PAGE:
- Human Relations 05/1954; 7:117--140. · 1.73 Impact Factor
CASANOVA`S OF THE VIRTUAL WORLD
HOW BOYS PRESENT THEMSELVES ON DATING WEBSITES1
As the identity of the young is largely shaped through the feedback they receive from their peers, the impression-
management has become an essential part in the lives of the youth, both in the real world and also in the virtual
worlds of the Internet.
The aim of the paper is to analyse how young men present themselves in the photographs of dating websites
in the Baltic States. Dating websites of Rate (Estonia), Face (Latvia) and Point (Lithuania) are known as portals
where people can post a short description of themselves and photos, so that other portal users can give points and rate
what they see. The purpose of my study was to analyse how the boys on these websites formulate their masculine
identities in order to appeal to potential partners.
Content analysis involving elements of visual analysis methods developed by Goffman (1979), Kress and
van Leeuwen (1996), Umiker-Sebeok (1996), Kang (1997), and Bell (2001), was carried out to analyse the photos
of girls who appeared in the “TOP 100 of the most remarkable men” of Rate, Face and Point, in a period of six
months. Altogether 117 men from Rate, 100 from Face and 113 from Point where analysed to find out how the boys
market themselves on dating websites.
The results of the analysis suggest that the photos of the most remarkable boys play with two contradictory types of
Keywords: gender identity, masculinity, visual analysis, adolescence, communities in the new media
The aim of this article is to introduce the reader to the everyday worlds of Estonian, Latvian and
Lithuanian twenty-first century Casanovas. These young men do not need to waste their energy
dancing in ballrooms or serenading under the balconies; however they know exactly how to win
the hearts of women – that is, through the Internet.
The article will discuss what kind of patterns are chosen for creating virtual gender
identities among the most remarkable men in the dating websites of Rate (www.rate.ee), Face
(www.face.lv ) and Point (www.point.lt). These websites have become daily meeting places for
thousands of youngsters in Estonia, Latvia and Lithuania who are in search of new friends,
acquaintances, kindred spirits or even life partners.
At first I shall discuss upon the role computer mediated communication may have to the
identity building. Then I shall give a short introduction to the dating websites of Rate, Face and
Point. After introducing the method and data of my study, I will concentrate on the ways the most
remarkable boys on these afore-mentioned websites construct their gender identities.
1 The preparation of this article was supported by the research grant No.ETF6968, financed by
the Estonian Science Foundation.
Creating virtual impressions
Computer mediated communication has enlivened the social interaction of thousands of people.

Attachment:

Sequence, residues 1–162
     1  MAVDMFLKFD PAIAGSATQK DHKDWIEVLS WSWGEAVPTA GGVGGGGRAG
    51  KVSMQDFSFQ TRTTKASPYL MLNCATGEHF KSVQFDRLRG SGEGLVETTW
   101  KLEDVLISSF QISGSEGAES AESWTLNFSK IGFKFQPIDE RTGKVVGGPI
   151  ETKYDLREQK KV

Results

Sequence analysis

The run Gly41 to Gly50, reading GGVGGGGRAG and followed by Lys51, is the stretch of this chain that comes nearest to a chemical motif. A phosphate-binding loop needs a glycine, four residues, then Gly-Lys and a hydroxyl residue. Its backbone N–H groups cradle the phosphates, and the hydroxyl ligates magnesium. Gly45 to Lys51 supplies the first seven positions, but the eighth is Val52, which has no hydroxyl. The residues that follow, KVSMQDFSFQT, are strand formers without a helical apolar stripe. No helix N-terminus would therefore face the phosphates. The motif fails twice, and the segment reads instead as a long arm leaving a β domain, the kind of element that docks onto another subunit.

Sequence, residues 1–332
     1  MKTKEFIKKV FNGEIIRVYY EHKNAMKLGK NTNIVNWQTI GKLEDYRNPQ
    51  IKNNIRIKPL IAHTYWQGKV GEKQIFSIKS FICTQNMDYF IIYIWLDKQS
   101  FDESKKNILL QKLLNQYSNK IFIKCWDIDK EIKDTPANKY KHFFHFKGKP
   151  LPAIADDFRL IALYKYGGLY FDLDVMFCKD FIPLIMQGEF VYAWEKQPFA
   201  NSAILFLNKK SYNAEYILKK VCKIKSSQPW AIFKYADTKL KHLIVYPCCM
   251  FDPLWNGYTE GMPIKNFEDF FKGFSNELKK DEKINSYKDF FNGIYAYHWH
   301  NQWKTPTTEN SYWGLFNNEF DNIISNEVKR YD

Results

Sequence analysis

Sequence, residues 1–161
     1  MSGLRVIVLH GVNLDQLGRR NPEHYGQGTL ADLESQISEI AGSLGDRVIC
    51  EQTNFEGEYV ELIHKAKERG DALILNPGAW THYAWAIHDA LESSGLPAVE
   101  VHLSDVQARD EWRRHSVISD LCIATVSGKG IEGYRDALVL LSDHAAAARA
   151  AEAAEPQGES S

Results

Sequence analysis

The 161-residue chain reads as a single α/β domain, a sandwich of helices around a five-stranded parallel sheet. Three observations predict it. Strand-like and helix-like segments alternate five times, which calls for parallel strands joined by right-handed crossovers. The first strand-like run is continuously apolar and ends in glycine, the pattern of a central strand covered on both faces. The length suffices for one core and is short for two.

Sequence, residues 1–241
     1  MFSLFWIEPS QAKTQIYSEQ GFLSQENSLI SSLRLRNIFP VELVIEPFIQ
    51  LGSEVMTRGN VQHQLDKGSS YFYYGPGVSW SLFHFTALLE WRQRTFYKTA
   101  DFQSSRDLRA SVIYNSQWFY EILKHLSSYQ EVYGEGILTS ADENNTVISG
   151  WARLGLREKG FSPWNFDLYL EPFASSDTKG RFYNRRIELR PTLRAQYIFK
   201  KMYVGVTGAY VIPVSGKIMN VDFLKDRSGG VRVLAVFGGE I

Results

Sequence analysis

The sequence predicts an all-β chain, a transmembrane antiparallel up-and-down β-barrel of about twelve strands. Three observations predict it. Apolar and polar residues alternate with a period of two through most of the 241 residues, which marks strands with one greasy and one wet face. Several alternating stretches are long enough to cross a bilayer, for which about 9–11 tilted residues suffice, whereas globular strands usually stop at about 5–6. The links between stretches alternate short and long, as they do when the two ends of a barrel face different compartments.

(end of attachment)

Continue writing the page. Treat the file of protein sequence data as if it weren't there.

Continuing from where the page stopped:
Thousands of Internet users can be found communicating in chat rooms, chatting in MSN,
commenting in forums, or surfing on dating websites in order to make some new friends, enliven
their love life or just pass their time. All those people who are socializing via Internet are just as
anxious to create favorable impressions of themselves as the ones that are meeting face-to-face.
According to Goffman (1959) impressions are formed through interpreting two kinds of “sign
activity”: the expression given and the expression given off. The former of which is expressed
during verbal communication, the latter is expressed through clothing, posture, bodily gestures,
size, age, racial characteristics, appearance, i.e. ones looks in general. In order to find out what
kind of qualities and features are thought to be essential by the potential partner a person may
have to “perform” several acts before receiving the approval they were in search of.
According to Sherry Turkle (1995) the Internet has become „a significant social
laboratory for experimenting with the constructions and reconstructions of self that characterizes
postmodern life” (Turkle 1995, 180). Furthermore, in the new media environments people „may
easily switch from the „real” to the chosen „ought” identity” (Petkova 2005, 6). Nevertheless,
even if one is allowed to adopt whatever identity one chooses in virtual environments, studies
have shown that men and women still tend to offer attributes thought to be sought by the opposite
sex (Albright 2001; Schmidt & Buss 1996). In order to know what kind of qualities and features
are desirable and accepted by the society, Danah Boyd suggests that „an individual must be
constantly aware of the environmental feedback that they are receiving and adjust accordingly”
(Boyd 2001, 110)
According to Festinger's (1954) social comparison theory, people who are uncertain about
their abilities and opinions tend to compare and evaluate themselves by making comparisons to
similar others. Young people, who often feel the need to meet societal expectations, therefore
unconsciously engage in social comparisons. Furthemore, studies have shown (cf. Brown &
Gilligan, 1992) that for youth, the opinions of friends are immsensely important as „the collective
consciousness of peer codes is often the determinant of self-esteem” (Merskin 2006, 54).
Nowadays it is quite easy to find out what kinds of qualities are needed in order to
become popular and remarkable in the eyes of the peers. For example, one just has to take one
look around the different popularity charts in the websites of Rate, Face and Point to see what
kind boys are the most remarkable in the eyes of the peers.
Communication and dating websites
Identically formed communication and dating websites of Rate, Face and Point were all built by
the same person, Estonian IT- student Andrei Korobeinik. He wanted to create a website where